The Covid-19 pandemic swept across the country and got its diseased ridden fingerprints on nearly every major industry in America. Movie theaters were not an exception, and after nearly 6 months of being shut down, major theater chains reopened their doors back in late August. AMC specifically were selling opening day tickets for 15 cents as an incentive for people to to get their butts in seats, buy overpriced concessions, and risk getting a case of this ever looming disease. Still, it’s not like movies had been placed on hold since the quarantine started. Sure, some of the major blockbusters were on pause (Tenet, Wonder Woman 1984, etc.), but plenty of movies made to get a theatrical release were released via streaming services. This begs the question, how viable are movie theaters in this day and age? Even without the pandemic, are people still going to the theater to consume media? Or are they becoming obsolete?
The Slow Decline
One important fact to note is that theaters were already starting to see a decrease in audience attendance even before the pandemic. According to past research, audience attendance decreased by nearly 6% in 2017, the lowest it’s been since 1992. These numbers only tanked further once the pandemic began, as theaters had to shut down completely. During this closing period, major theater companies such as AMC, CineWorld, and Cinemark all saw their stock prices drop by over 50%. When you consider that AMC lost more than $900 million dollars, it makes sense why they were desperately trying to get people on that 15 cent hype train. Now, do you want to know what service actually saw their numbers increase during the pandemic?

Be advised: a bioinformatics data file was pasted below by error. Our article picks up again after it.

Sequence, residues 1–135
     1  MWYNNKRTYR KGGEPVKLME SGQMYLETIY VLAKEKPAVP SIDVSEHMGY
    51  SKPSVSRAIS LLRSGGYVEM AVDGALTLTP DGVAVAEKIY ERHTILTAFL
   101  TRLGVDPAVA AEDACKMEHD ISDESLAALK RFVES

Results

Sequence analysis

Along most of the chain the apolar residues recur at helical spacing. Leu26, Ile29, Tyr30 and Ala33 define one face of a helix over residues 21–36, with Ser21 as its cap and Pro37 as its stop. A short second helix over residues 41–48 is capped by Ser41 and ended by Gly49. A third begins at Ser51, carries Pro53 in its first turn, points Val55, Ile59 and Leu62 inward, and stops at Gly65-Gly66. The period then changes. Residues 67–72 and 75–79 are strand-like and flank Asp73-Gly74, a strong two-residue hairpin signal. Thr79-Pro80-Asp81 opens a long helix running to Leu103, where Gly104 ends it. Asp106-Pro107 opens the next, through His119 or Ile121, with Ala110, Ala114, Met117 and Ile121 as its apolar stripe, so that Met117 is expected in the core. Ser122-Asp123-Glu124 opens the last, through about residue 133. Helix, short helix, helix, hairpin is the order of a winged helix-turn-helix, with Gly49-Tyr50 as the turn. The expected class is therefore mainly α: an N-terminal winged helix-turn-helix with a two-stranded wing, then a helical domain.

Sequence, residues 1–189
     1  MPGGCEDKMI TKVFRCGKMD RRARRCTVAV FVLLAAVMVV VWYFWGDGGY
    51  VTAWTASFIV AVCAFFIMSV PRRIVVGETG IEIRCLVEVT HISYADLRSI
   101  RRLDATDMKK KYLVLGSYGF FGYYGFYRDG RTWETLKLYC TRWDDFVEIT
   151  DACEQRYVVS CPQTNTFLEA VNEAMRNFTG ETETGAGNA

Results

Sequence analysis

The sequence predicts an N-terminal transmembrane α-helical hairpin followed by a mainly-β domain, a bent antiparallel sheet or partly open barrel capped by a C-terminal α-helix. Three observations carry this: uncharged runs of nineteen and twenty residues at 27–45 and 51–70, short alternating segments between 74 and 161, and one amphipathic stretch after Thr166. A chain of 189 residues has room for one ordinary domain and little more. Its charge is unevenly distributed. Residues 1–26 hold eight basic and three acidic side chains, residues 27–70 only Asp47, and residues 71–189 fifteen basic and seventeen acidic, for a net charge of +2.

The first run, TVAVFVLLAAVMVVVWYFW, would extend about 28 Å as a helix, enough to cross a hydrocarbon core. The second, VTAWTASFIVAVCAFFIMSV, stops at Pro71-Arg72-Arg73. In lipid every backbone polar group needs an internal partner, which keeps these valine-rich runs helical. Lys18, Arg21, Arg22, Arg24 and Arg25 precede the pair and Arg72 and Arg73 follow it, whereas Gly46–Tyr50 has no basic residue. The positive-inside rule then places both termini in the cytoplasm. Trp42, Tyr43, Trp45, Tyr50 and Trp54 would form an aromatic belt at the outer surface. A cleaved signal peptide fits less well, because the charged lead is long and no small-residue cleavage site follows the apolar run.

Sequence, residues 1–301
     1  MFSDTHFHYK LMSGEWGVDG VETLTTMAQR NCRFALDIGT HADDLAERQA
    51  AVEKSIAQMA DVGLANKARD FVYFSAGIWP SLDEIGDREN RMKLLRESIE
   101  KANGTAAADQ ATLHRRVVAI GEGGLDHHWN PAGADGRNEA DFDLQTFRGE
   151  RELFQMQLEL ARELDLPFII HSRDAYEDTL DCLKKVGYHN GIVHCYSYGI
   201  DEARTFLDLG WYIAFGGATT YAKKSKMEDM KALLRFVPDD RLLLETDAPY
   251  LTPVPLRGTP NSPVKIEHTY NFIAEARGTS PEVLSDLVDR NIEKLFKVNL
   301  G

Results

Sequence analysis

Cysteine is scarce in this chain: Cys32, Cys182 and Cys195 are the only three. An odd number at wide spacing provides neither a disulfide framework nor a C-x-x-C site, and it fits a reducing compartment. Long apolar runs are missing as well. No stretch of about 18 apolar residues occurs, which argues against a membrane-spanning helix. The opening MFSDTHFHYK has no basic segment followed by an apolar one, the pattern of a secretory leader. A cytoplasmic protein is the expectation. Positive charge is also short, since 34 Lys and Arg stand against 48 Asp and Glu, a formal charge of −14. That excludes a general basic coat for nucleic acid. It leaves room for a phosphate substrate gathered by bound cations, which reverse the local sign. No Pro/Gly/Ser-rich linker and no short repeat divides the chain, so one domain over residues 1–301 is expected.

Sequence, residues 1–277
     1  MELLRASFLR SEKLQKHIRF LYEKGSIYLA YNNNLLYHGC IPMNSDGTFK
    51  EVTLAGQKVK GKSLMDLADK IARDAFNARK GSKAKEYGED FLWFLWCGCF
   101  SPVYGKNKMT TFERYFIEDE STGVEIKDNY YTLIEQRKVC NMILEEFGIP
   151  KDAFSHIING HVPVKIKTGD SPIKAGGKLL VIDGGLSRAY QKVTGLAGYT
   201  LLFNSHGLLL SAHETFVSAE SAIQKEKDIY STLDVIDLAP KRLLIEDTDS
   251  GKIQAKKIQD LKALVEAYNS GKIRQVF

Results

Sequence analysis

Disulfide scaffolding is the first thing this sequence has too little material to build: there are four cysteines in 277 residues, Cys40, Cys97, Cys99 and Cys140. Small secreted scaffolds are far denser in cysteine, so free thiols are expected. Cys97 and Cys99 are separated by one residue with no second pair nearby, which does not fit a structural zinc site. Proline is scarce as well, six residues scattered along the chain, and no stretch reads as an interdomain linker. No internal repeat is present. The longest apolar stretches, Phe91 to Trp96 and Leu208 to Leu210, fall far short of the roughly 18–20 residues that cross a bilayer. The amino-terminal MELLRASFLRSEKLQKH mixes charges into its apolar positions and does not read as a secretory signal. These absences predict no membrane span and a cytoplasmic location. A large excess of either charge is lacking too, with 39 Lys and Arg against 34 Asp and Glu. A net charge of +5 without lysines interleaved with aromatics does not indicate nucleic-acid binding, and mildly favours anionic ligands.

Convenience at Your Fingertips
With most people being encouraged to stay at home, especially during the earlier months of quarantine, it’s not a surprise that many Americans found a lot more free time to spend in front of a screen. A screen on their home television, laptop, tablet, or phone. Video streaming services, such as Disney +, Netflix, Amazon Prime, etc., saw a 71% increase in watch time. Along with that, nearly 12 million new customers came into the fray, signing up for new membership on at least one streaming service. Even before the pandemic though, it’s not like streaming services were some niche market. In 2019 alone, 74% of Americans were subscribed to at least one streaming service.
It doesn’t take a lot of effort to see why these platforms are so popular. They offer the entertainment people want with the added convenience of not having to leave your house, and more. Want to watch a movie with your family or group of friends? Well, if one of you has a Netflix account, there’s no longer a need to spend up to $14 on an individual ticket for each person. You can also watch it in a controlled environment where you can have as many or as little distractions as you want. Streaming services also not only feature a variety of classics and past theatrical releases, but produce some of the most popular and critically acclaimed works of this generation. It’s no wonder that movie theaters are starting to decline.
What Does the Future Hold?
With all this in mind, it’s important to know that movie theaters and giant blockbusters go hand in hand, mainly because they serve each other. It’s the main reason that some of the aforementioned blockbusters were put on hold, because of the fear that they would not make their investment back on VOD (video on demand). Movie theaters also garner the largest number of people through these big movies. This leaves general audiences in a weird spot where the only movies they’re going to see in theaters are the 100+ million dollar blockbuster behemoths, but everything else is watched through a streaming service. It feels like nowadays, movie theaters are reserved for the giant CGI spectacles, while some of the more down to earth independent stuff is moved to streaming services. I think it’s only a matter of time before all of it moves towards streaming services, and theaters become a relic of the past. Hopefully, if anything good comes out of this pandemic, it’s the acceleration of the death of movie theaters.